The proceedings at the ICJ evoked these memories, providing a rare opportunity for the Palestinian version to be aired on an international stage. Their experiences of oppression and suffering were laid bare and exposed for the world to witness. This significant moment not only allowed for the expression of their plight but also served as a stark reminder of the ongoing struggle for justice and freedom.
It is imperative to recognise that the healing process is continuous. While the TRC was a stride towards reconciliation, it illuminated the intricate nature of forgiveness in the face of profound trauma. It sparked dialogues about justice, accountability, and the shared responsibility for a more equitable future.
While celebrating South Africa’s principled stance, we must acknowledge the strength and courage of those who spoke out, along with the challenges persisting in the pursuit of genuine justice. The ICJ case serves as a poignant reminder that the journey toward truth and reconciliation demands persistent commitment and vigilance, as we collectively endeavour to construct a nation liberated from the shadows of its painful past.
This necessitates a dedication to international solidarity to prevent others from enduring the hardships we faced. It is precisely this commitment that fuels our support for the struggle of the Palestinian people, drawing parallels between their suffering and our own experience with apartheid.
Unfolding apartheid in Palestine
As survivors of apartheid, South Africans possess a unique perspective to identify apartheid. One of the chief architects of apartheid, Hendrik Verwoerd, recognised parallels with Israel, describing it as an “apartheid state”.
Organisations like the Palestine Liberation Organisation (PLO) promptly recognised the parallels with apartheid. Israeli proposals for Palestinian autonomy bear resemblance to our own bantustans strategy, which allocated a meagre 13 per cent of (largely desolate) land to the indigenous African people while the white settler community appropriated the rest of the country for itself.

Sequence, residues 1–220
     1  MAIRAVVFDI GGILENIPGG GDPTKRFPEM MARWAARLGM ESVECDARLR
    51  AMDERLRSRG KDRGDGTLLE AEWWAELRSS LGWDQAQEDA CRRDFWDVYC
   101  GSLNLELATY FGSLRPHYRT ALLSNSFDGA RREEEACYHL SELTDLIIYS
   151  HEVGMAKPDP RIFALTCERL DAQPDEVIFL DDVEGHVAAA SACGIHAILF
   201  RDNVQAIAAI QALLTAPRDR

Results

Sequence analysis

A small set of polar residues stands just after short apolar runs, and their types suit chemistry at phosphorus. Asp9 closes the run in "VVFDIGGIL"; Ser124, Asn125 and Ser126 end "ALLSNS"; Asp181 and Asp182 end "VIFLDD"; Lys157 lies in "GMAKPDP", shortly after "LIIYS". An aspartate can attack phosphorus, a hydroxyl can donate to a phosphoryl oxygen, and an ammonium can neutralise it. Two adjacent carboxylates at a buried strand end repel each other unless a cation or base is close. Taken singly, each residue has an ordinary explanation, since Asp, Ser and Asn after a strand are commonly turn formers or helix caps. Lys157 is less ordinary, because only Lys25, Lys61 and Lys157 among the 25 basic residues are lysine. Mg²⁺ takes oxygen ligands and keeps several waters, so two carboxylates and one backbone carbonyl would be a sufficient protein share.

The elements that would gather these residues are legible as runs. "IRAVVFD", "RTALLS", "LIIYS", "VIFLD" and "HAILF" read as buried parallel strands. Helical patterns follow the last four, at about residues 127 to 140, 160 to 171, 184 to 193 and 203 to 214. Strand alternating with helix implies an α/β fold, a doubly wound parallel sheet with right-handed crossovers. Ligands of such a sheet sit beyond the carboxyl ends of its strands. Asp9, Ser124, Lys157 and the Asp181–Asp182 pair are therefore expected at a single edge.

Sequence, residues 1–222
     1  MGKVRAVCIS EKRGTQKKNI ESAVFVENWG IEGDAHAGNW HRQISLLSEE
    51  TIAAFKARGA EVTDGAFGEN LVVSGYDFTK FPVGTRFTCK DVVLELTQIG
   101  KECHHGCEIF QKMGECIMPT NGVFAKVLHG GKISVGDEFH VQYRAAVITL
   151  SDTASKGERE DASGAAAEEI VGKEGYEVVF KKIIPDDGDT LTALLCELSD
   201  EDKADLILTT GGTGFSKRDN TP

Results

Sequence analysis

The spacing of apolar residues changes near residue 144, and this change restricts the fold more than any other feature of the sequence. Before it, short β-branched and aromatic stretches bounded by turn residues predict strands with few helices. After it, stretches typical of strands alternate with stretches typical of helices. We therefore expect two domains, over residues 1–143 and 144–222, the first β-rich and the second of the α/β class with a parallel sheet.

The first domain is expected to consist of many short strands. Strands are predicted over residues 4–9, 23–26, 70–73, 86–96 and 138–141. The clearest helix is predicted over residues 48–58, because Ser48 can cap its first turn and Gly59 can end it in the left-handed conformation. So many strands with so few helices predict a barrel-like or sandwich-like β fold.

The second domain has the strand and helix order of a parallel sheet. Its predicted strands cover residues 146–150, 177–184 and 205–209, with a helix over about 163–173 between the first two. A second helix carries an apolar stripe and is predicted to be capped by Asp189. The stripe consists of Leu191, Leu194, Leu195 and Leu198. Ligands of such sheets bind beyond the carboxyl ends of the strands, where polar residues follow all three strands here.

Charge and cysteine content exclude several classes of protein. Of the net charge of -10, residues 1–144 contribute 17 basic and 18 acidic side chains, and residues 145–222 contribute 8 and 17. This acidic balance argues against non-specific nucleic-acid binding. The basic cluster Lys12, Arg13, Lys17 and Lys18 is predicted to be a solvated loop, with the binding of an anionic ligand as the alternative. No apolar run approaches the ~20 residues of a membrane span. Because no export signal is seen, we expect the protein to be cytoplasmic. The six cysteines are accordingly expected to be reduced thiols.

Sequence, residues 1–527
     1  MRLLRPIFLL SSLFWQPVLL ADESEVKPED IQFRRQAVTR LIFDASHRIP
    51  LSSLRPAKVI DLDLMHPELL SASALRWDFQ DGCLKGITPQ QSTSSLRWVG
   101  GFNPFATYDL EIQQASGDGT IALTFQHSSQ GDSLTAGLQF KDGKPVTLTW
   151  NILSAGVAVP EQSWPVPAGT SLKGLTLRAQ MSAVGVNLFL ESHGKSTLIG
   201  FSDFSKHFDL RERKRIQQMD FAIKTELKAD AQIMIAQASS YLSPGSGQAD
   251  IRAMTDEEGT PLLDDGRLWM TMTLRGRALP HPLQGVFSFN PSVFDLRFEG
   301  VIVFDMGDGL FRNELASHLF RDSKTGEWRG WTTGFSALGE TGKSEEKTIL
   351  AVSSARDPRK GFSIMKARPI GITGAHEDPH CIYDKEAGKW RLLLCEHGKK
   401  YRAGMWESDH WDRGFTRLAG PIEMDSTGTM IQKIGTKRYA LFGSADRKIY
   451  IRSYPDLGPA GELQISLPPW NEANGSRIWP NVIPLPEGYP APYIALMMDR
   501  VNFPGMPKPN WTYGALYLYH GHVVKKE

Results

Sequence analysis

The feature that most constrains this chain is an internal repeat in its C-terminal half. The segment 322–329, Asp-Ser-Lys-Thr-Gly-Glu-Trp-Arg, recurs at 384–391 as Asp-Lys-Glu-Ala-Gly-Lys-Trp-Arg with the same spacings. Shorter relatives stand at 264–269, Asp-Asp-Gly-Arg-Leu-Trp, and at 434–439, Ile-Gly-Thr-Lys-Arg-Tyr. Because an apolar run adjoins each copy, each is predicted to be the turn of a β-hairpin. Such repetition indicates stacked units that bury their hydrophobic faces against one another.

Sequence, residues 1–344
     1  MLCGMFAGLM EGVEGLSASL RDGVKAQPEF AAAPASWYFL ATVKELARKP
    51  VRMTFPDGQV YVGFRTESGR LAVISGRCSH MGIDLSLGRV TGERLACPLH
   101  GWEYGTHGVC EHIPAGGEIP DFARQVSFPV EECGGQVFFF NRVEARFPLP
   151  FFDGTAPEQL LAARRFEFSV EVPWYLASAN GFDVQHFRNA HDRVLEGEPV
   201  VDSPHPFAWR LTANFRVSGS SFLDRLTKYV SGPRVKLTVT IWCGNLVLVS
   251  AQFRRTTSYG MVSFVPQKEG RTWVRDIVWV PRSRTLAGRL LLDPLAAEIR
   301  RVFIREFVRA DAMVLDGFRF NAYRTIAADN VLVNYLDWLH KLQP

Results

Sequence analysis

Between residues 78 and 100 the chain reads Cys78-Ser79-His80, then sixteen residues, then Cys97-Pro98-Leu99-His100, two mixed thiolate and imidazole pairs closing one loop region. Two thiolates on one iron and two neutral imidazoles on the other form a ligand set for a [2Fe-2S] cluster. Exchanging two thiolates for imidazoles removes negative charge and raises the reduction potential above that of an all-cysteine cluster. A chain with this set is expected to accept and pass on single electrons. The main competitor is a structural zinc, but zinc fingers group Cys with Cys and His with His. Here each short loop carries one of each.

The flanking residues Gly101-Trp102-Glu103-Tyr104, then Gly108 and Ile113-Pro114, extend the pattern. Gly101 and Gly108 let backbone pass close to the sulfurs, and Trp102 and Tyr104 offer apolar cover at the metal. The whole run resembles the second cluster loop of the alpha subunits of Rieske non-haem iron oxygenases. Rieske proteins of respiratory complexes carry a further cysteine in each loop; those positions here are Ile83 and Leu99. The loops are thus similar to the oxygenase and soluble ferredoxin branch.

Comparison to South African laws and practices during the apartheid regime reveals a strong correlation with Israeli practices. Numerous aspects of Israeli life, including violations of international standards for due process (such as illegal detention), discriminatory privileges based on ascribed ethnicity (legally, as Jewish or non-Jewish), and repressive draconian laws, point to similarities between South Africa then and Israel now.
For those who lived under and experienced the brutalities of apartheid, scholarly arguments and academic research on apartheid are unnecessary. What Israel is practising in Palestine seems far worse than South African apartheid.
Israel’s brutality is ominous. Sadly, the international community has turned a blind eye to the desperate cries of the Palestinians. Western powers, such as the US and UK, are aiding Israel instead of leveraging their influence to facilitate a lasting, peaceful solution in the Middle East.
But were these not the same powers that sided with apartheid South Africa under the guise of anti-communism? They not only labelled freedom fighters like Nelson Mandela as terrorists but also designated the African National Congress (ANC), the current governing party, as a terrorist organisation.
To paraphrase Karl Marx, history seems to be repeating itself – first as tragedy and now as farce.